The Gregorian Chart : Part of England’s Ancestral Music

Information about ancestral music in England revealed that the Gregorian Chant is only one of several liturgical chants developed during the medieval era. In the modern world, albeit we associate chants as part of the Catholic church’s rites, most of us think that all chants are one and the same, a Gregorian Chant. In a way, this was true; but only until later, when the Roman Catholic Church sought the standardisation of liturgies.

Music of the medieval era (between 500 and 1400 A.D.) was largely a mixture of English folksongs, instrumental melodies and liturgical music that included chants. Since the then leaders of the Catholic church had great influence over monarchs, Rome had since then served as the religious centre of Western European countries. However, different regions developed and adopted different chants in celebrating the Mass, which at the same time distinguished regions and their religious practices for public worship.

Although the Catholic church in England had the support of the English monarchy, the European countries regarded as important centres of Catholic religion at that time were Rome, Spain, Milan and Gaul. So it came to be that as chants were developed by each region, different liturgies for celebrating Masses also came with variations in each region. The chants developed by Spain and Portugal had called attention as having North African musical influence suggestive of the Mozarabians, or the Iberian Christians living under Moorish rules.

Why the Gregorian Chant Became the Most Prominent Musical Liturgy of the Catholic Church

At that time, around the early Middle Ages, the Kingdoms of Germany, Italy, Bohemia and Burgundy had established what was known as The Holy Roman Empire. The latter though, was dissolved in 1806 by then French Emperor Napoleon Bonaparte.

Prior to its dissolution, the Roman Catholic Church through the leadership of Pope Gregory I had sought to standardise the rules and rituals practiced throughout nations aligned with The Holy Roman Empire. The standardisation mainly involved combining the liturgies practiced by the Roman Catholic Church and the Gallican Catholic Church. That way regions will have formed stronger alliances with the help of the Roman Catholic Church.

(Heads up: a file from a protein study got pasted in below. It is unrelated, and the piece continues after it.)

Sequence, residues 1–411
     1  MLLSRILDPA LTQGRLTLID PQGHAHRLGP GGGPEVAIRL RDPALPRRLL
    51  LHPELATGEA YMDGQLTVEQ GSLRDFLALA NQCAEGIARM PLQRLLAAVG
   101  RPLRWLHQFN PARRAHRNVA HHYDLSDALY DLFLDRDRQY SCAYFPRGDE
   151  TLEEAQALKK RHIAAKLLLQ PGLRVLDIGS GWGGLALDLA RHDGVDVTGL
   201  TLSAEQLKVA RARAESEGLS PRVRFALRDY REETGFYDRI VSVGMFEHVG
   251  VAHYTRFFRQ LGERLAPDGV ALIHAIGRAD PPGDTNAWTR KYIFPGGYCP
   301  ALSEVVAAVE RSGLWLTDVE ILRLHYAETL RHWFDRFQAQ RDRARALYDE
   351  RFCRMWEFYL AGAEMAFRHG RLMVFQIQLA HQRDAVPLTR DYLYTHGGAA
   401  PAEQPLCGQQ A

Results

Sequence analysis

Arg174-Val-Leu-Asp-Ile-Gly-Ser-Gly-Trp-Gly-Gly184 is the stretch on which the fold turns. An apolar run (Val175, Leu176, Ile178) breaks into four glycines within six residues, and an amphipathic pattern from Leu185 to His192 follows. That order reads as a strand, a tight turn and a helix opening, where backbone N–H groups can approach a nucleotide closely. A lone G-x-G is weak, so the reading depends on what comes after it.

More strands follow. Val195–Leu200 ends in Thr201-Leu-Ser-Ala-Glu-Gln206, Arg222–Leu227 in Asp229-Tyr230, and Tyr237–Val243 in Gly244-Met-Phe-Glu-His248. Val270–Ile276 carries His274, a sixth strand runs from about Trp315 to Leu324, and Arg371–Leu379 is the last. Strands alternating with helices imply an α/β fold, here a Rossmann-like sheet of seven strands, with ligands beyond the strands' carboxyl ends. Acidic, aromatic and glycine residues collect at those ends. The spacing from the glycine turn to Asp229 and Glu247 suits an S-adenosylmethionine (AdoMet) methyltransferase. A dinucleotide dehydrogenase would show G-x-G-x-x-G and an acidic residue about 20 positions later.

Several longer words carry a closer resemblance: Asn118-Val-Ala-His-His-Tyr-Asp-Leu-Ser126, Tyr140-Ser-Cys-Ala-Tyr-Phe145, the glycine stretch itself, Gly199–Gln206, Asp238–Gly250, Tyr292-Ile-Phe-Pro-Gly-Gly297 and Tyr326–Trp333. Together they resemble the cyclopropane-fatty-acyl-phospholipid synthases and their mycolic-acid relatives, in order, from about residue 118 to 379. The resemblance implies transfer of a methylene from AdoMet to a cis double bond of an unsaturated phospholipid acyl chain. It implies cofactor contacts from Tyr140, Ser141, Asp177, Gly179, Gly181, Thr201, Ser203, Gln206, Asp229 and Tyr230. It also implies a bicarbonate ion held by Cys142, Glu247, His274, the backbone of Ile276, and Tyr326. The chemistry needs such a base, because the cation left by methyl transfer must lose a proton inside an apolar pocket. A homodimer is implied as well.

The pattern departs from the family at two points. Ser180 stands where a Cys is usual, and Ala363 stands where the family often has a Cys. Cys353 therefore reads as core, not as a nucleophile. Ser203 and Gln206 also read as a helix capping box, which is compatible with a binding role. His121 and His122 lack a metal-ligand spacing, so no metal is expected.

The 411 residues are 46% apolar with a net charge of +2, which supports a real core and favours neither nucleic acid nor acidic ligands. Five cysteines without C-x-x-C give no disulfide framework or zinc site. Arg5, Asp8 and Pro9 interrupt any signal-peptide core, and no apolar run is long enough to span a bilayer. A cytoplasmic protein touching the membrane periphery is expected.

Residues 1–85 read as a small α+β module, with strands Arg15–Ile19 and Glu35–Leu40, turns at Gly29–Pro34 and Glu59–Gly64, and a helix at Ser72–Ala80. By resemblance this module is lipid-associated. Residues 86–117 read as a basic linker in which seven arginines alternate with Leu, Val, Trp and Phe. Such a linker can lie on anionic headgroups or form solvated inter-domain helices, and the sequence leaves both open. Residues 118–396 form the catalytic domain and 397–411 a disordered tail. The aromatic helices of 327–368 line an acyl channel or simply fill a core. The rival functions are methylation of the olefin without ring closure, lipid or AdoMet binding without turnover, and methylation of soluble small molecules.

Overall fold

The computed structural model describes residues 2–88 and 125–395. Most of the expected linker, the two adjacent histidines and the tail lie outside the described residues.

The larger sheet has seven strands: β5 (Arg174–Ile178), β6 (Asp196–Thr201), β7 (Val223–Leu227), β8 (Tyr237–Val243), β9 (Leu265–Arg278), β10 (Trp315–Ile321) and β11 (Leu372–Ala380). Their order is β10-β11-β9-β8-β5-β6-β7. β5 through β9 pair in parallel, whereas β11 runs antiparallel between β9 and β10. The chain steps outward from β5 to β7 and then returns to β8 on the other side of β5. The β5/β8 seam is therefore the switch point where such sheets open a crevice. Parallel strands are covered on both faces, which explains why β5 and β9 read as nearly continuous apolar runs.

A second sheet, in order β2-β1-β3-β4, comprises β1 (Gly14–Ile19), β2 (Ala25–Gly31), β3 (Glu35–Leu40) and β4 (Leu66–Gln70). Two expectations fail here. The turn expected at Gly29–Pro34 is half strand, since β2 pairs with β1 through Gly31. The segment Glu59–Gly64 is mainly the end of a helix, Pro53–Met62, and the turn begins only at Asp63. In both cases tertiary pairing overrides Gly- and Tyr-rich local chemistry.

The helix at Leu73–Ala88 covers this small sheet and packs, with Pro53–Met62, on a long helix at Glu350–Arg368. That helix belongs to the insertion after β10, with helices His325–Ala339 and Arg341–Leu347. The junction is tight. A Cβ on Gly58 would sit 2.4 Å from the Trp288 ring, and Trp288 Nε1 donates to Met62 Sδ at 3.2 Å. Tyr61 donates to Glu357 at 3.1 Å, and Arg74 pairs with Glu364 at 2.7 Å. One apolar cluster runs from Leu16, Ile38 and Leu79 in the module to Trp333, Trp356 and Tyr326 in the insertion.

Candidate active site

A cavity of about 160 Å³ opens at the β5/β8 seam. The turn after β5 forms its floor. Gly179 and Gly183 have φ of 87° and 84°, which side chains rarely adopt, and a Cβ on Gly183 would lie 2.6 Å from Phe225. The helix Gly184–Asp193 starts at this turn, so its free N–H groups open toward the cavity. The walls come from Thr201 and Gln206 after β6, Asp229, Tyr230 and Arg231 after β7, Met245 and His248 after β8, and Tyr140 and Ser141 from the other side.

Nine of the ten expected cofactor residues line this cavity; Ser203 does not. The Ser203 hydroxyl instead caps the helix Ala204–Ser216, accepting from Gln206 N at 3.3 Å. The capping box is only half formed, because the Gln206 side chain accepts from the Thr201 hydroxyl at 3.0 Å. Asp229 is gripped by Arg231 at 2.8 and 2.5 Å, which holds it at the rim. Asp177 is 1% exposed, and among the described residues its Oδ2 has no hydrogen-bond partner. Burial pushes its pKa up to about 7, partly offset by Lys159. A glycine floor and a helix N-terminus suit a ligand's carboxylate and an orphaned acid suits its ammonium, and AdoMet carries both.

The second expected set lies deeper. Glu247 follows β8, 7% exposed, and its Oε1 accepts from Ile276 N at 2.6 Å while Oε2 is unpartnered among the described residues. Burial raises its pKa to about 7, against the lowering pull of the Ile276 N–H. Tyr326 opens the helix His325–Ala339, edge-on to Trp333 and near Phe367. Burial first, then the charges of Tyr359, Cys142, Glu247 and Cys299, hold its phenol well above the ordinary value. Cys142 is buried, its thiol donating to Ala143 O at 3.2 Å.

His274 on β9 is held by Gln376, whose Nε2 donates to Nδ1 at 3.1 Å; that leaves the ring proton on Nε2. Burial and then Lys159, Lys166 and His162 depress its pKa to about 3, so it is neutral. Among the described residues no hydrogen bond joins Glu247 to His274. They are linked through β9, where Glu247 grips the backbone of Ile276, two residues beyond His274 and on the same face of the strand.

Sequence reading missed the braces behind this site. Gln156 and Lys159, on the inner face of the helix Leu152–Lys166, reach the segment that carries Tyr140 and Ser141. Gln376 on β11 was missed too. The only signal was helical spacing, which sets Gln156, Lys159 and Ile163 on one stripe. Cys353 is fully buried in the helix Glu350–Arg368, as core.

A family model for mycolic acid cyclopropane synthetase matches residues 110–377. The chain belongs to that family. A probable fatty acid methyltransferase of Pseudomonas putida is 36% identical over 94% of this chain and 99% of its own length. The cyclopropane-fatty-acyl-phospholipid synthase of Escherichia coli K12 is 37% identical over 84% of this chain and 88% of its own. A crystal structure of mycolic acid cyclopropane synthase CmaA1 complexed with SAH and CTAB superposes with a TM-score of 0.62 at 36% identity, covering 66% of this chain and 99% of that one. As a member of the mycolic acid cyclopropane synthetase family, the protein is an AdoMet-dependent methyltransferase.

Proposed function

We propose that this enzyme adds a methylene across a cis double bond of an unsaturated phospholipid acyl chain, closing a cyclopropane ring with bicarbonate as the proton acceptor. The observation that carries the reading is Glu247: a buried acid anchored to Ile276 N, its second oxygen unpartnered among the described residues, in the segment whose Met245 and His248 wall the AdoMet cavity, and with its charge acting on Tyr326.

The standardisation movement likewise included replacing the different chants used by different regions in celebrating Catholic public worships. Since the development of the chant was under the supervision of Pope Gregory I, the chant that all Roman Catholic Churches came to use became known as the Gregorian Chant.

Charlemagne, who ruled most nations of Western Europe during the medieval era, had provided assistance to Pope Gregory I, by tasking monks to travel throughout The Holy Roman Empire and to teach the Gregorian Chant. In time, around the 12th and 13th centuries, the Gregorian Chant had replaced all other forms of chants used in celebrating Roman Catholic Masses.

As the events in world history transpired, and the Roman Catholic Churches came to be challenged by Puritans, the power and influence of Roman Catholic leaders among many Europeans also diminished. Today, England allows multi-faith practices, although Protestantism is the predominant religion in England today.


Juice land website, the sponsor of this guest ancestral music blog, also noted that Catholic Churches no longer require priests to use Gregorian Chants in celebrating masses. Although there were attempts to revive the Gregorian Chant during the 20th century, there seemed to be little support for its revival.